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-Michael Wilson Spring 2006

JO 5.424 Thursday 12:30 – 3:15 p.m.

(972) 883-2080

HUHI 6305.001
Paris, Capital of the 19th Century
The German cultural critic Walter Benjamin, in a 1935 programme for his never-
completed Arcades project, proclaimed Paris to be the capital of the nineteenth century.
Benjamin's writings urge a close examination of life in nineteenth-century Paris and of
the French capital's greatest poet, Charles Baudelaire. Such an examination, he seems to
suggest, will reveal the processes of modernity in their earliest, still-volatile forms.

This seminar aims to test Benjamin's account of the origins of modern culture. We will
test it against more conventional histories of nineteenth-century Paris as well as against
Benjamin's favored materials: the literature, art criticism, and political writings produced
in and about France between 1815 and 1900. Our goal is to investigate the relations
between nineteenth-century modernity and modernism and, in so doing, to shape our own
histories of Paris in the 1800s.


• Honoré de Balzac, Père Goriot [trans. H. Reed]

• T. J. Clark, The Painting of Modern Life [revised edition]
• Gustave Flaubert, The Sentimental Education [trans. R. Baldick]
• Karl Marx, The Eighteenth Brumaire of Louis Napoléon
• Céleste Mogador, Memoirs of a Courtesan in 19th Century Paris
• Vanessa Schwartz, Spectacular Realities
• Jules Verne, Paris in the Twentieth Century [trans. R. Howard]
• Émile Zola, The Kill [La Curée] [trans. B. Nelson]


Seminar preparation and attendance; reading journal; 2-page paper proposal

(due March 16th); 12-to-15-page seminar paper on course materials (due May 1st).

NOTE: --More than 2 absences, persistent tardiness, or failure to participate in

discussions will lower your final grade.
--All course work must be completed in order to pass the course.
--No late assignments will be accepted.
--This syllabus is subject to change at the discretion of the instructor.

All written work and class discussion for this course must employ gender-neutral, nonsexist
language and rhetorical constructions. Such practice is part of a classroom environment according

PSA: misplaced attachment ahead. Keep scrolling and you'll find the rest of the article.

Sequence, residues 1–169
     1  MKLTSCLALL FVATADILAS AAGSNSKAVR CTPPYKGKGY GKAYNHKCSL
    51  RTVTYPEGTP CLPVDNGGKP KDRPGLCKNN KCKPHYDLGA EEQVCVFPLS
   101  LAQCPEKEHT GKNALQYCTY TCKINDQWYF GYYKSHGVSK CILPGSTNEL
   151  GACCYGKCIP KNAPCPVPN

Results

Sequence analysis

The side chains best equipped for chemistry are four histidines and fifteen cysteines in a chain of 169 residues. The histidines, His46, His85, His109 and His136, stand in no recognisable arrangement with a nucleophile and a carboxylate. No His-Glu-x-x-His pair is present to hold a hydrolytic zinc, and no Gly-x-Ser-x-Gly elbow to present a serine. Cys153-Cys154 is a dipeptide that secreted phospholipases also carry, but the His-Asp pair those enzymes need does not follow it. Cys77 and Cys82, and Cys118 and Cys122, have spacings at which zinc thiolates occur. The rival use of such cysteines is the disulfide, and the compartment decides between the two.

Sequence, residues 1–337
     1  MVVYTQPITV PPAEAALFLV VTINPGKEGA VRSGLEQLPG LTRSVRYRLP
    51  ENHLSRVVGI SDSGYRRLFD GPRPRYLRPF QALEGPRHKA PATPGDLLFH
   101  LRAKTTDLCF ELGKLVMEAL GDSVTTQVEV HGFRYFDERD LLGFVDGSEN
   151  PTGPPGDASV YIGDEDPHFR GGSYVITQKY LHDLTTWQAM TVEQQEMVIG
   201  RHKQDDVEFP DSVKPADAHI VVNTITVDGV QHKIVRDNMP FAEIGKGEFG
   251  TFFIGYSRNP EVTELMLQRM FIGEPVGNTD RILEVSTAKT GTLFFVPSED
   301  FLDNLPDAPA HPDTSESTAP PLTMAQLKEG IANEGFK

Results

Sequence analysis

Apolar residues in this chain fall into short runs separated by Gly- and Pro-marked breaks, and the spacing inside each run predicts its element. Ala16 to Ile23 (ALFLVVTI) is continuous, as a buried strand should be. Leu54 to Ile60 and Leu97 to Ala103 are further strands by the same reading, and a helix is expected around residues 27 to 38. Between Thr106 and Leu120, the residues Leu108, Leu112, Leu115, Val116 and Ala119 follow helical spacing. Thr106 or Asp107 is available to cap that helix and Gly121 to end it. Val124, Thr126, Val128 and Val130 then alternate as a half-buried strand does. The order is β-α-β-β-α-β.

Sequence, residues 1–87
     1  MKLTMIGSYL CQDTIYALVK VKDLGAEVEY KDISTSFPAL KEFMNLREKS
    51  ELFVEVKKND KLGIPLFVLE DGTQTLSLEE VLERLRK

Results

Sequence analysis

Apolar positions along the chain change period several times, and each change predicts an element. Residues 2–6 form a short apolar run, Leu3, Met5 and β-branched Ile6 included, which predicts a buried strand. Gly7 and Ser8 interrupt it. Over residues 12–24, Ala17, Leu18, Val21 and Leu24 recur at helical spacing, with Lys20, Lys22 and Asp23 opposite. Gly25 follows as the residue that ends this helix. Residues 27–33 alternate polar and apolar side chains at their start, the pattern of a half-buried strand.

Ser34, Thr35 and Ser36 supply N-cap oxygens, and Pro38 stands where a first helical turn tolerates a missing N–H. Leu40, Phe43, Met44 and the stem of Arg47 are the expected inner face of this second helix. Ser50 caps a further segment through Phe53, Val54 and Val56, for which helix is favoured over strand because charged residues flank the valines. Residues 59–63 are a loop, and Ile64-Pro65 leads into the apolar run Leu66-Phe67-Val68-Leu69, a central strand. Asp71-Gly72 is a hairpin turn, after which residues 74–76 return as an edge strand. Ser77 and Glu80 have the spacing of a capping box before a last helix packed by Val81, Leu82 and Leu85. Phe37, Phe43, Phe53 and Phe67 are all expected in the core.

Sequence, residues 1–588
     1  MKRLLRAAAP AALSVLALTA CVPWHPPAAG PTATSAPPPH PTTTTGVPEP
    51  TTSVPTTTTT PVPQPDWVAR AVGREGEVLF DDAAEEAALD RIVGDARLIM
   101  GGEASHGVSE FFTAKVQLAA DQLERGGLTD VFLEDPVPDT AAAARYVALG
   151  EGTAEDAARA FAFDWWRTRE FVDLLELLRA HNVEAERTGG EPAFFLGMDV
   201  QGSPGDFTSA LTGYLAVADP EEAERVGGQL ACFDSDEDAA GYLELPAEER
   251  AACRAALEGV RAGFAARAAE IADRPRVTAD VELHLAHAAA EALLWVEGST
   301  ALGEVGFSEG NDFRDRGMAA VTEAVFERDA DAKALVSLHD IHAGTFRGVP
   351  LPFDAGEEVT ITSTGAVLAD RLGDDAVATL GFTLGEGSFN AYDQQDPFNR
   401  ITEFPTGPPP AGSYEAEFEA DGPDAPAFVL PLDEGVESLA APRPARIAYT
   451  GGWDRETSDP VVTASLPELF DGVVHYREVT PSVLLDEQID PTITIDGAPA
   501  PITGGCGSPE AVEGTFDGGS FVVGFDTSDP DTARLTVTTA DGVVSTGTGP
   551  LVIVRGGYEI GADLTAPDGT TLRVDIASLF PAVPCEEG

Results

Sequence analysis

full respect and opportunity to all participants by all others.
Every effort will be made to accommodate students with disabilities. The full range of resources
available through and procedures concerning Disability Services can be found at:

Scholastic dishonesty includes, but is not limited to cheating, plagiarism, collusion, and falsifying
academic records. Please familiarize yourself with the University’s policies concerning scholastic
dishonesty: <>.

Written work must be submitted in paper or “hard” copy, without cover pages or special folders.
Simply put your name and course identification at the top of the first page and staple the upper
left corner. Papers must always be paginated, double-spaced, presented in clear 10- to 12-point
type, and free of mechanical and typographical errors.

Parenthetical citation is now strongly recommended, though any form of citation (foot- or
endnotes) and bibliography is acceptable for this course, provided that you use it correctly and
consistently. Useful guides (available in the Library) include:
Joseph Gibaldi, MLA Style manual and guide to scholarly publishing (NY, 1998)
Diana Hacker, The Bedford Handbook (Boston, 1998)
Kate L. Turabian, Manual for Writers of Term Papers, Theses, & Dissertations (Chicago,

1/19: Walter Benjamin

D. L. L. Parry & Pierre Girard
Colin Jones

1/26: Nathaniel Wheaton

Honoré de Balzac
Muhammad As-Saffar
Patrice Higonnet

2/2: Honoré de Balzac

Ruth Amossy
David F. Bell

2/9: Karl Marx

Leonard C. Groopman
Dominick LaCapra
D. L. L. Parry & Pierre Girard

2/16: Gustave Flaubert

Hayden White

2/23: Henry Murger

Charles Baudelaire
Janet Wolff
Pierre Bourdieu
Patrice Higgonet

3/2: Charles Baudelaire

Colin Jones

3/16: Céleste Mogador

3/23: T.J. Clark

3/30: Emile Zola

4/6: Patrice Higgonet

D. L.L. Parry & Pierre Girard
Colin Jones
W. Scott Haine
Raymond Jonas
William Peniston

4/13: Vanessa Schwartz

4/20: Jules Verne